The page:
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Online publishers have been looking hard lately for a way to give their ad revenue a shot of adrenaline without upsetting readers.
Native advertising, in which sponsored stories are given a similar look to editorial material, is one of the most debated initiatives by publishers.
Now, a new technology that has begun to capture the attention of publishers, especially outside the United States, could further fuel the debate about native advertising, by converting any visual element of a web page, including photographs, into ads. and writing videos.
How Kiosked works
The technology of a high-tech Finnish startup called Kiosked it works as follows:
1. Publishers who want to earn income from photos and videos posted on their sites embed a Kiosked code snippet on their pages.
2. When a reader visits the page, Kiosked scans, for a fraction of a second, the written material that accompanies a photo of the page; maybe a news item or a product review.
3. Next, present a selection of one or more related products or services that the reader can purchase online, overlaying the elements in a strip placed over the photo.
According to Kiosked, among the publishers that use its technology are the British newspaper The Telegraph, the publisher of technology magazines and websites IDG and various European publications on fashion, technology and sports.
In a telephone interview, Micke Paqvalén, the founder and CEO of Kiosked, said that the company's technology "engages consumers in content" rather than acting as aggressive and intrusive advertising.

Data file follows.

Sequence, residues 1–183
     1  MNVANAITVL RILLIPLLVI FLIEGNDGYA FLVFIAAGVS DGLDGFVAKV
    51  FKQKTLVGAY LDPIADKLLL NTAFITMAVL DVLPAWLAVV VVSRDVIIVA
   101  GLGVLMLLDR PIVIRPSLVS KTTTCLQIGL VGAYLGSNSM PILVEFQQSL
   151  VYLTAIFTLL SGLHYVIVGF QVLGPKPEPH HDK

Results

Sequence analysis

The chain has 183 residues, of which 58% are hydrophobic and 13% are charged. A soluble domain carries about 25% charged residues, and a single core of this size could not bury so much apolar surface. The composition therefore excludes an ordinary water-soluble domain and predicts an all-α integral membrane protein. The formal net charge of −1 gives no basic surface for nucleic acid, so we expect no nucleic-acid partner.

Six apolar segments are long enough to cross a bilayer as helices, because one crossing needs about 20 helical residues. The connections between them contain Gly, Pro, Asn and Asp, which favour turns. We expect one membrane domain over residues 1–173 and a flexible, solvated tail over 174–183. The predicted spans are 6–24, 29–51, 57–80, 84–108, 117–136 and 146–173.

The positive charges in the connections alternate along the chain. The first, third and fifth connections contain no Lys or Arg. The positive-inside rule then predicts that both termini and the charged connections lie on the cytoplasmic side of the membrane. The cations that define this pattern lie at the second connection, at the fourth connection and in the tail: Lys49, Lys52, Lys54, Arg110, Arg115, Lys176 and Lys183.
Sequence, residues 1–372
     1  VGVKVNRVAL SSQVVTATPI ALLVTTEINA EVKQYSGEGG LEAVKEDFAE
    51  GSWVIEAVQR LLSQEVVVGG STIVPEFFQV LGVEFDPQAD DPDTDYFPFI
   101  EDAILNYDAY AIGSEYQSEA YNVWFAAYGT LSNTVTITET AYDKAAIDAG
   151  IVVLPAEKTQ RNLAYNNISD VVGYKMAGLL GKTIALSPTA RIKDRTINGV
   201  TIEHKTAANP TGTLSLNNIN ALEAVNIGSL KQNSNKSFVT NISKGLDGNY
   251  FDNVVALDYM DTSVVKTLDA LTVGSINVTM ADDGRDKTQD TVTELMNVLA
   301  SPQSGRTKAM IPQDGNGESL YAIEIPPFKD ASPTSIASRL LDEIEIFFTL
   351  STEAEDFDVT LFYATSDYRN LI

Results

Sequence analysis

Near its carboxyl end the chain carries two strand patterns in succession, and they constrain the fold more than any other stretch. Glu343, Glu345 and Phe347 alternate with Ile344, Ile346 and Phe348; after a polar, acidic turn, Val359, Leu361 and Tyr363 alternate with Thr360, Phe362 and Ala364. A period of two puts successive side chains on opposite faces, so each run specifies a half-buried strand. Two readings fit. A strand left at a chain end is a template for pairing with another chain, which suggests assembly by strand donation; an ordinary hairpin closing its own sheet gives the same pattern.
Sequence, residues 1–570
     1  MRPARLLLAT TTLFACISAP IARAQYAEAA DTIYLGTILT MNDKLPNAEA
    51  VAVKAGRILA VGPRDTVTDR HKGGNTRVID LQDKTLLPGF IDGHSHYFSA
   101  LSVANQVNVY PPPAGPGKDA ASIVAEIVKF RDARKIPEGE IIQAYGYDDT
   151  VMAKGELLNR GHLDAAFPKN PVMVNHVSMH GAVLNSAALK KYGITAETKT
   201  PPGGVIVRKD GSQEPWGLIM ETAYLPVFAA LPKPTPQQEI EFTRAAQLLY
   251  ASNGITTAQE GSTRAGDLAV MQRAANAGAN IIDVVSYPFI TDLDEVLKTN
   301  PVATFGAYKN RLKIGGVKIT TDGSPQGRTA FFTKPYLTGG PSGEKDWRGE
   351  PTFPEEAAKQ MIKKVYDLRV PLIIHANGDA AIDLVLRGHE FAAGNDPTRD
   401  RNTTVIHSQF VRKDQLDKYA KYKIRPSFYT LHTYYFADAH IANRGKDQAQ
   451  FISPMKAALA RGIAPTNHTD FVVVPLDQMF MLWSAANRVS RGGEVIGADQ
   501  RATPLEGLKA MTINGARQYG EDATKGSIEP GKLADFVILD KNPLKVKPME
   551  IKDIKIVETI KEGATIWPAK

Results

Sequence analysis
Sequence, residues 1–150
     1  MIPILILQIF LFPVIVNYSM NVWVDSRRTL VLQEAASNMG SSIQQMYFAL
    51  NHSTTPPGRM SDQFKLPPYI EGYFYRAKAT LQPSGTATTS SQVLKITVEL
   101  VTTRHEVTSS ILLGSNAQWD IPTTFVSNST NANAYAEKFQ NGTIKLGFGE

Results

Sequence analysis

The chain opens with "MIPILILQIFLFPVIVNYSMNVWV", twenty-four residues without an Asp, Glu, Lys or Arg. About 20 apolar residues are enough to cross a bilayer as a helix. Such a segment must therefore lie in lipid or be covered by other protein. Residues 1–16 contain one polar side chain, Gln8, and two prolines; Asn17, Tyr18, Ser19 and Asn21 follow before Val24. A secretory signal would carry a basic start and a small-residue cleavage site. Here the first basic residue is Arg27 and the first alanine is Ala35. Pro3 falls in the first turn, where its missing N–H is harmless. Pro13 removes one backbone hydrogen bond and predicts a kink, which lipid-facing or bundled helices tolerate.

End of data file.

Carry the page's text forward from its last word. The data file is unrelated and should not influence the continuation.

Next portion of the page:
Publishers using Kiosked can decide what kind of visual content will and will not have commercial links, thus avoiding, for example, photographs of suffering in Syria and other images in which the tone is especially incompatible with commerce.
Publishers have access to a suite of analytics tools that allows them to see which images are driving people the most to buy. And since they earn income from successful purchases, it's easy to see how tempting it will be for publishers to make editorial decisions about photos based on such considerations.
For Mr. Paqvalén, publishers should get a piece of the action, since his editorial material is already, in many cases, helping people buy from web stores.
"In the world we find ourselves in today, the publisher creates impulses and merchants using e-commerce take advantage of these impulses," he said. With Kiosked, he said, publishers themselves "become the web stores of the future."